Newsletter - Week 16

Welcome To Week 16

16 Week Old Fetus

Your Baby: The First Flutters

The fetus measures 4.3-4.6 inches (12 cm) from crown to rump and weighs about 2.8 ounces (80 g). Despite its growing body, your fetus has plenty of room to move around within the uterus. Its head is erect, its legs are now longer than its arms, and its limb movements are becoming more coordinated. Its fingers and toenails are constantly growing and are now well formed. If you're eager to find out the gender and you're due for an ultrasound, you may be in luck -- as long as the baby cooperates.

Your Body: All About Amnios

  • What is it? An amniocentesis, more often referred to as amnio, is a procedure in which a needle is inserted through a woman's abdomen into the uterus to remove a small amount of amniotic fluid from the amniotic sac surrounding the fetus. An ultrasound is used to guide the needle into an area of the uterus away from the fetus. Since the fluid and the fetus are formed from the same cells and have the same genetic makeup, the fluid undergoes genetic analysis and biochemical tests in a lab.
  • What is the purpose of the test? One of the most common uses of the amnio is to identify genetic or chromosome abnormalities in the baby such as Down syndrome. It can also detect other conditions, including: genetic disorders known to run in the family, neural tube defects such as anencephaly and spina bifida, Rh disease, and fetal lung assessment (the last two are done during the last half of the pregnancy).
  • Who takes the test? Between 80% to 90% of all amnios are done when women are over 35 years of age or will turn 35 before their due date. It is also performed if the results of the quadruple screen test -- MSAFP, inhibin A, estriol, and/or hCG -- are abnormal. Other reason for an amnio include:
    • if a couple has had a child with a chromosomal abnormality (i.e., Down syndrome) or with a metabolic disorder (i.e., Hunter's syndrome);
    • if a couple has had a child or a close relative with a neural tube defect;
    • when the mother is a carrier of an x-linked genetic disorder (i.e., hemophilia);
    • when both parents are carriers of an autosomal recessive inherited disorder, such as Tay Sachs disease or sickle cell anemia;
    • if one parent has a condition passed on by autosomal dominant inheritance (i.e., Huntington's chorea);
    • if the woman has to deliver early and the baby's lungs have to be assessed.
  • When is the test taken? If the amnio is taken for chromosome analysis or molecular DNA analysis, it is typically performed between 16 and 18 weeks of pregnancy. In some cases, however, the test may be done up to a month earlier. If it is to assess fetal lungs, it may be taken shortly before delivery.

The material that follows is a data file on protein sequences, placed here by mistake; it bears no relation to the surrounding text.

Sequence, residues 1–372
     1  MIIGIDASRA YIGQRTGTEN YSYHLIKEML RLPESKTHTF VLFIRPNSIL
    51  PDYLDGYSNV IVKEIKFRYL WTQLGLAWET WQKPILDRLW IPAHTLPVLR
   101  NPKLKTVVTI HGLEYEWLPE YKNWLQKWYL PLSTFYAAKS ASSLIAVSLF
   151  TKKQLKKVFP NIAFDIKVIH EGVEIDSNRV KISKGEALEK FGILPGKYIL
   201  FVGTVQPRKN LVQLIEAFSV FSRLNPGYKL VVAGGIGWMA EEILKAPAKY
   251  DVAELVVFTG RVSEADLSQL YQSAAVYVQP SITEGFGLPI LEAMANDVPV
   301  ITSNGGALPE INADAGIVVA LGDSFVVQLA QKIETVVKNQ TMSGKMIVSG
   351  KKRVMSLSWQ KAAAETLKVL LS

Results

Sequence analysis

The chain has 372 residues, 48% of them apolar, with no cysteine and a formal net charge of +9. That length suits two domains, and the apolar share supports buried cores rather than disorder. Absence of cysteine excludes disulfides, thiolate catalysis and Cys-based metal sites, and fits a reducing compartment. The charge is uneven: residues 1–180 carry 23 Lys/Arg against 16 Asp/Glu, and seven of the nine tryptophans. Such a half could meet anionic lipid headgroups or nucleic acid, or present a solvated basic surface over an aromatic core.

• How safe is it? The risk of an amnio causing a miscarriage ranges from 1 in 200 to 1 in 400. When it does happen, it is usually because of an infection in the uterus, the water breaking, or labor being induced prematurely. While the numbers are small, the test should be done only when the benefits outweigh the risks.

You should talk to your health care provider about whether or not you should have an amnio performed based on your individual risk and indications.

On That Note: Amnio On View

For some women, amniocentesis is just another routine pregnancy procedure -- part and parcel of the nine-month odyssey. For others, it is an unnerving exam that makes them think twice. Either way, you can put your mind at ease with this visual presentation.

Weekly Tip

Many pregnant women get their best sleep during the second trimester. After all, your breasts are no longer tender, your tummy is finally stable, and some of the first-trimester aches and pains have dissipated. So before you really get heavy and uncomfortable in the next trimester, try and stock up on some extra sleep now. Lounge around in bed on the weekend, or crawl into bed early and read a few more pages than usual. Revel in repose. It might seem like an eternity before you have this opportunity again.


Last reviewed 12/1/2010 by Zev Williams MD, PhD, FACOG, Reproductive Medicine and Infertility, Weill-Cornell Medical Center, New York, NY. Review provided by VeriMed Healthcare Network.


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